Initially we need to structure our communities’ governance to mirror that of the nation. (National, State and Local).  We need a national peak body, which operates sub branches and sets the agenda from the top down.

Jonathan Duffy

The actor and comedian, now living in Iceland, and most recently seen lending a hand with that country’s entry in Eurovision, saw the problem differently. Not in terms of structures and organisations, but in the way we treat one another. Especially when we are in a position to help someone else.


I believe that we could change some of the ways in which we operate as gatekeepers to do something I call ‘Gaying It Forward’.

All you need to do is notice when you are a “gatekeeper” and before you choose your course of action, ask yourself two questions; “What will this actually cost me?” and “Who am I ultimately helping?”

You will probably find that in a majority of situations the personal cost to you for passing on information or retweeting is nothing. The person you are helping is someone who needs it, and in many cases, is trying to a positively influence the rainbow-coloured cacophony of issues that all bundle together to create our equal rights.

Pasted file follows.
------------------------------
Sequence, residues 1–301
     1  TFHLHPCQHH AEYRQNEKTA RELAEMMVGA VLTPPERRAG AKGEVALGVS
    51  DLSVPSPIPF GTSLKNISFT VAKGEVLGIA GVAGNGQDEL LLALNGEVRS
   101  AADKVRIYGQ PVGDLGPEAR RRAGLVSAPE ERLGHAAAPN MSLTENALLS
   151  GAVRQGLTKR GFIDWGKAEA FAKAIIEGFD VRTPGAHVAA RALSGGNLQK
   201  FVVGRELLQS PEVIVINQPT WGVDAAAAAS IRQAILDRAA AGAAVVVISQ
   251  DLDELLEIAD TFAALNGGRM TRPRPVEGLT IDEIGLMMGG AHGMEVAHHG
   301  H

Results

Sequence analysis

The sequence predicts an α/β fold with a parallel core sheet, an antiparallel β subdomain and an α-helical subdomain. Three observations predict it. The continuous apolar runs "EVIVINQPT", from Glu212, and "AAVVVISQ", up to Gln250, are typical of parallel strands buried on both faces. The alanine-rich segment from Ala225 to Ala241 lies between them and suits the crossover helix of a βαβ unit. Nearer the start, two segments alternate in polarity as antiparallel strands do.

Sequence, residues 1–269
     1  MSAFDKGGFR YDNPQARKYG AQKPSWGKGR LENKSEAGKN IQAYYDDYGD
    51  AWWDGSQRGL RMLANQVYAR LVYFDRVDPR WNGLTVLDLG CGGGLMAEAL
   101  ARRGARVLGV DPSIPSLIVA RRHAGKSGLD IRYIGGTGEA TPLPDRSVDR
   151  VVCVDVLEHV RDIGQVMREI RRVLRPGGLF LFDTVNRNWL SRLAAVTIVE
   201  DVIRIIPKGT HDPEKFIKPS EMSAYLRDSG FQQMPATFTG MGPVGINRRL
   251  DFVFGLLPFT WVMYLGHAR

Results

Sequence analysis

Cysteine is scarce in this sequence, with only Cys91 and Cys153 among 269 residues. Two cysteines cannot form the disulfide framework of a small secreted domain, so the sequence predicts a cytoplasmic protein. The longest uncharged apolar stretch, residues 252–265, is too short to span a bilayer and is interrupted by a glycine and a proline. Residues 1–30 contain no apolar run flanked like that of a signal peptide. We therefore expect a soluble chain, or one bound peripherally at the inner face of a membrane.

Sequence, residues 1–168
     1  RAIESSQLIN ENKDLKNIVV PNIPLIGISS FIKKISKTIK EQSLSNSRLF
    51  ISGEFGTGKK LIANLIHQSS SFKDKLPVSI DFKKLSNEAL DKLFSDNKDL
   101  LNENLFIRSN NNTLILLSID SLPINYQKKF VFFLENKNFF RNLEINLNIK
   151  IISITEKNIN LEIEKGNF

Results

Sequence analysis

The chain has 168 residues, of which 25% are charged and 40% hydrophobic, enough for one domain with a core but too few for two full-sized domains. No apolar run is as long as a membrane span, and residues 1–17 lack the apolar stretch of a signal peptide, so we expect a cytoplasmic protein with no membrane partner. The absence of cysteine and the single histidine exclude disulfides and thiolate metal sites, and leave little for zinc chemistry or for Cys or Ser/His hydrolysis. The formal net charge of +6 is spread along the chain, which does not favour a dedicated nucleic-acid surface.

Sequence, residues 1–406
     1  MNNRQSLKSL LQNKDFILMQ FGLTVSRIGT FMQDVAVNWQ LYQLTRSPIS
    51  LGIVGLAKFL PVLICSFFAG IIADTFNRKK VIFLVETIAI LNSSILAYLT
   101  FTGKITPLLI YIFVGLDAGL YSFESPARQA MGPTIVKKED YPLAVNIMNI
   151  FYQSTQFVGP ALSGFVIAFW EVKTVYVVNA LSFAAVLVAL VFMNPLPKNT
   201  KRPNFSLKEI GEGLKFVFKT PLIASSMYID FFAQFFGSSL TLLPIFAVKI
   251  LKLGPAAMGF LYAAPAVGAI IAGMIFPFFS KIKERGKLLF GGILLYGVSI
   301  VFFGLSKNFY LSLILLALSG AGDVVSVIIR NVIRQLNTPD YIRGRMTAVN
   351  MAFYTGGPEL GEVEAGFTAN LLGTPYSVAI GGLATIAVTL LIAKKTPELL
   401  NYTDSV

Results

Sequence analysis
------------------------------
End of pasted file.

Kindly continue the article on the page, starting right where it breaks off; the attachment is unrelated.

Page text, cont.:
Daniel Witthaus

A lone wolf, as always, following his own unique agenda, more practical than political, asked the simple question, What works and what doesn’t? And why?


Scratch that LGBTI surface and we find that it’s only better for those who are resourced, supported and linked in. I’ve actually had people get frustrated and angry with me when I say this.  Their sense is that things are better for them these days and those around them.  So how can it be seemingly better, yet the research evidence still points to LGBTI people, young and old, experiencing similar levels of abuse and harassment as they did over a decade earlier?


By Brian GreigDylan CarmichaelMichael JamesPhil WalcottTess Emery and David Menadue. Check them out.

And even more!

More new G.A.Y.* Agendas will appear throughout the election campaign.

*G.A.Y. = the acronym formerly known as LGBTI2QQAA+

About the author

Veteran gay writer and speaker, Doug was one of the founders of the UKs pioneering GLBTI newspaper Gay News (1972) , and of the second, Gay Week, and is a former Features Editor of Him International. He presented news and current affairs on JOY 94.9 FM Melbourne for more than ten years. "Doug is revered, feared and reviled in equal quantities, at times dividing people with his journalistic wrath. Yet there is no doubt this grandpa-esque bear keeps everyone abreast of anything and everything LGBT across the globe." (Daniel Witthaus, "Beyond Priscilla", Clouds of Magellan, Melbourne, 2014)